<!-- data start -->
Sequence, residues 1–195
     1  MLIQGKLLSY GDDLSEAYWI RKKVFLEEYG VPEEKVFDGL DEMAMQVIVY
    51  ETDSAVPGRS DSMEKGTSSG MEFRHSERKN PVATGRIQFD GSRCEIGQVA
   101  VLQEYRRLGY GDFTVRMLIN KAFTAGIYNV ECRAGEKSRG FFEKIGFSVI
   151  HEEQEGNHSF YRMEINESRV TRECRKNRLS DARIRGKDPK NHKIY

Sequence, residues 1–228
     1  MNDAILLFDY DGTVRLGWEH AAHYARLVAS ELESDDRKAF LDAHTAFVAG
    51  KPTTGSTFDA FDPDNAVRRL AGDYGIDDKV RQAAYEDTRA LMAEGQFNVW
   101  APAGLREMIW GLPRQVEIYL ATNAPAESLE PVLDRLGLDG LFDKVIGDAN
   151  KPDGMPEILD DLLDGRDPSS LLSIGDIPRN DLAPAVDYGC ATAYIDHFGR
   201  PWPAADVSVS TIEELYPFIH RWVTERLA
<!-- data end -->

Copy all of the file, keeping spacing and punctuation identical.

Sequence, residues 1–195
     1  MLIQGKLLSY GDDLSEAYWI RKKVFLEEYG VPEEKVFDGL DEMAMQVIVY
    51  ETDSAVPGRS DSMEKGTSSG MEFRHSERKN PVATGRIQFD GSRCEIGQVA
   101  VLQEYRRLGY GDFTVRMLIN KAFTAGIYNV ECRAGEKSRG FFEKIGFSVI
   151  HEEQEGNHSF YRMEINESRV TRECRKNRLS DARIRGKDPK NHKIY

Sequence, residues 1–228
     1  MNDAILLFDY DGTVRLGWEH AAHYARLVAS ELESDDRKAF LDAHTAFVAG
    51  KPTTGSTFDA FDPDNAVRRL AGDYGIDDKV RQAAYEDTRA LMAEGQFNVW
   101  APAGLREMIW GLPRQVEIYL ATNAPAESLE PVLDRLGLDG LFDKVIGDAN
   151  KPDGMPEILD DLLDGRDPSS LLSIGDIPRN DLAPAVDYGC ATAYIDHFGR
   201  PWPAADVSVS TIEELYPFIH RWVTERLA